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Ten year outlook for animal protein business: Rabobank

Feed prices are here to stay, Brazil's corn potential could grow faster, Russia will soon become self-sufficient with regard to pig and poultry production, China will most likely face large grain imports – and by the way, China also suffers from Foot-and-Mouth Disease these days.

In short, these were some of the key elements of the presentation of David C. Nelson, global strategist, Animal Protein, Grains & Oil Seeds. He spoke at the official opening of VIV Asia 2011, held in Bangkok, Thailand, 9-11 March. His topic was ‘Focus 2021’ – an attempt to look ten years into the future for global agriculture in general and Asian agriculture in particular.
Feed prices will remain high, Nelson said, as yield improvements are decelerating and the challenge remains to service growing markets. One of the countries that could well profit from this growth could be Brazil, he said. The country had, however, increased its total surface of planted crops by a mere 1% in 2010-2011. Input costs, fertiliser prices, land prices and an unfavourable currency were named as reasons why the message to grow more crops in Brazil was not yet taken up.
Nelson also compared Brazil’s Mato Grosso province to the Black Sea region in Ukraine/ Russia. Both have high potential, but are relatively landlocked and badly reachable – hence high transport costs need to be added to relatively low costs of cultivation.
Meat integrators
At the moment, JBS, Tyson and Smithfield top the ranks of largest meat producers in the world. These companies will be challenged, Nelson mentioned. The last couple of years already saw the rise of the Brazilian conglomerates, and the size of Russian (e.g. Cherkizovo) and Chinese (e.g. Zhongpin) integrators is growing rapidly.
Russia’s official policy is to become self-sufficient in protein production, i.e. domestic production will meet domestic demand. Nelson expected Russia to be at 85% in 2015 and at 95% in 2020. “What this means? All meat exporting countries have to find new markets!”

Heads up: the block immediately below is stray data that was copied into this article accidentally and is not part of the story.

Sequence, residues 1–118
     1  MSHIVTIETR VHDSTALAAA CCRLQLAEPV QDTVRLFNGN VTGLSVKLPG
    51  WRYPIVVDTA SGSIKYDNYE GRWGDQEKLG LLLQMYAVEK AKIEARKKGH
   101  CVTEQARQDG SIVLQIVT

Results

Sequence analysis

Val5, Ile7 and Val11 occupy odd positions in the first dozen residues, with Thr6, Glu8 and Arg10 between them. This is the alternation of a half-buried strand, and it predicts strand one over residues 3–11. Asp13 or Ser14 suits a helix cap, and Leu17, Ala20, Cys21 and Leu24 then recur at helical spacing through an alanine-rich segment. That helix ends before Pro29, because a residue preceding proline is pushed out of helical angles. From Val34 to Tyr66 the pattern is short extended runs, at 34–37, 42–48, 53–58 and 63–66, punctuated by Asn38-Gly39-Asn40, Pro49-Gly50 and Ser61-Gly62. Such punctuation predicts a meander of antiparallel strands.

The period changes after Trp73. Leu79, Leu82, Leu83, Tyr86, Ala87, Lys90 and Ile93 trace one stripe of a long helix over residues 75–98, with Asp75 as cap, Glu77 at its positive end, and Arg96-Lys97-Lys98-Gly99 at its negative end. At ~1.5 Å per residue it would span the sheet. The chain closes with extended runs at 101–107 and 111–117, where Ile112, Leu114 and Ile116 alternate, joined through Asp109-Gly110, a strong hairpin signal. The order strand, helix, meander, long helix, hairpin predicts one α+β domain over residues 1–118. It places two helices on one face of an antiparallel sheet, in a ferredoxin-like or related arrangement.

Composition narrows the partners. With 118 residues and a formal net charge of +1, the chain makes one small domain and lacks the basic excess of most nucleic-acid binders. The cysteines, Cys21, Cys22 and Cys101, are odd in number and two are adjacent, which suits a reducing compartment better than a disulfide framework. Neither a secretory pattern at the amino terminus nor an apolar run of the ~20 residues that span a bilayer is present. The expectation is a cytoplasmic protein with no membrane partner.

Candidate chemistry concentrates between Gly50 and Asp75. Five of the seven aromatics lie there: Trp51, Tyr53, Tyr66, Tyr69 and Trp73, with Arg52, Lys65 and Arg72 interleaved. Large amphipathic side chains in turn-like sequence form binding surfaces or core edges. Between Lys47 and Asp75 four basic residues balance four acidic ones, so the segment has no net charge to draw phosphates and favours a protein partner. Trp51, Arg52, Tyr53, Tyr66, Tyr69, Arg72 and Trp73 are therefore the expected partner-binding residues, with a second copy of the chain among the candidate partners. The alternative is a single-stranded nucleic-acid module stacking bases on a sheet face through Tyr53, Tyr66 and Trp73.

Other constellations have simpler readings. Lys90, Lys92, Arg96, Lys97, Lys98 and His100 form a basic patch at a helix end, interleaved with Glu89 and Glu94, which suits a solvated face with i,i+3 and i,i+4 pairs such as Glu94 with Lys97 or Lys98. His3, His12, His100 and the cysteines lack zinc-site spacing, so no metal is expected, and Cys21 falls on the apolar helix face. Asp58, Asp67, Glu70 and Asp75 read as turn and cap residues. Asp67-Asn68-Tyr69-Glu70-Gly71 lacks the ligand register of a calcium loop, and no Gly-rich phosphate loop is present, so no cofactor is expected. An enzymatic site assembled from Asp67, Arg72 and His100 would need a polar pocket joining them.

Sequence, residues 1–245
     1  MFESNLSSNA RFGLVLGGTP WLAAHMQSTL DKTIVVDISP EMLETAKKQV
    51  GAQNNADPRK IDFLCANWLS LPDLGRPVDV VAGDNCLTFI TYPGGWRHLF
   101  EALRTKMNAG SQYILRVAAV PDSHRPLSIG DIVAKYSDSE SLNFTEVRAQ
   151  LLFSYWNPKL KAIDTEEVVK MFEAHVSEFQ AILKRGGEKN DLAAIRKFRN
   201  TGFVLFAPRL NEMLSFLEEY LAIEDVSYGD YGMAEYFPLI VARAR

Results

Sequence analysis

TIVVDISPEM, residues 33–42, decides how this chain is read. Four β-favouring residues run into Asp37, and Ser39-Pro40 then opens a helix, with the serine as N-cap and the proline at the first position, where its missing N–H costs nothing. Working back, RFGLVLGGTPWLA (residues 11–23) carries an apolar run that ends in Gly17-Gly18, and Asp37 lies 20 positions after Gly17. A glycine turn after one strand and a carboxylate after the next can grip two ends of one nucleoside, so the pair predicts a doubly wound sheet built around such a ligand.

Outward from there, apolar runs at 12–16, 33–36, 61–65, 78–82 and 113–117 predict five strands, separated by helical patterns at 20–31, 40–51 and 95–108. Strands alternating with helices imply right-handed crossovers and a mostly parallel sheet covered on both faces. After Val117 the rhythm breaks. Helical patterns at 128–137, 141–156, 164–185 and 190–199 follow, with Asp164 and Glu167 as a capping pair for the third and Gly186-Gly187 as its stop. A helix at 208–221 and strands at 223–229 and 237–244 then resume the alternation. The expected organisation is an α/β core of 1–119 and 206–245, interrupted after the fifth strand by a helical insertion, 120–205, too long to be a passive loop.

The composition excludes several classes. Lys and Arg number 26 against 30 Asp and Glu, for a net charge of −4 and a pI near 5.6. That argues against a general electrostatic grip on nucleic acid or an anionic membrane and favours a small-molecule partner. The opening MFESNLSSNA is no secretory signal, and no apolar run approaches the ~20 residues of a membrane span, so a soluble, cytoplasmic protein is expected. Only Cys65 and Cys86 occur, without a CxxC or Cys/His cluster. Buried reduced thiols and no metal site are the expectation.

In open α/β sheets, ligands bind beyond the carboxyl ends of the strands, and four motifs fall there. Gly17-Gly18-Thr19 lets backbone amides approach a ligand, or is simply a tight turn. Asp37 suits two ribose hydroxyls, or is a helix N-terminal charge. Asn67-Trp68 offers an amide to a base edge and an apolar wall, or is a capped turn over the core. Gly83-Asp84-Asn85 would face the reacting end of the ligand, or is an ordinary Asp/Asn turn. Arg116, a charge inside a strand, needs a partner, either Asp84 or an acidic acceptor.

The Chinese market, with approximately 50% of all pigs in the world, may face shortage of corn stocks and will need to import shortly. Official figures may draw a somewhat overly optimistic picture, Nelson said: “China’s corn supplies appear to be desperately low.” He expects strong grain imports in the years to come.
Nelson added that China also may experience an outbreak of Foot-and-Mouth Disease (FMD), just like in the neighbouring Koreas at the moment. He had observed indications that it occurred at various locations throughout the country and added that he could see sow liquidations at a level of -3% for this year. Hence he predicted total pork production for this year to be at the level of 2005-2006. Pork imports for 2011 could grow four-fold to 1.1 – 1.4 million metric tonnes with potentially more imports in the years to come.      
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    Ivan Milin

    The production of protein (meat) is an extremely inefficient process. Only 30% of chicken feed, for instance, is metabolized by chickens and the rest (70%) is excreted. Wasting 70% of valuable resources is bad enough in itself, but that's just part of the problem in the protein production industry. Storing and disposing of manure makes the protein production industry one of the biggest polluters of air, water and soil.
    In my opinion, producing more feed crops is not the best way to meet the growing demand for meat. For every ton of feed we produce, 700 kilograms of heavy pollutants are created as well.
    The best way to meet those demands is to recycle the 70% of waste produced, using methods which do not produce pollution, which are economically viable and which create products that can be used in the same industry.
    University of Guelph, Canada, is in the process of industrializing just such a process and the first prototype will be operational within a month or two. Besides being profitable, this process is an environmentalist's dream come true. It takes only 4 days, uses no chemicals, and produces dry, stable, pleasant-smelling and highly potent organic fertilizer. It also produces protein-rich and high-fat natural feed as well as organic fungicide. There are no byproducts to be disposed of and no pollution is created at all.
    This process is called Milinator Technology and it makes the old phrase meaningless: -If it looks too good to be true, it probably is not-.

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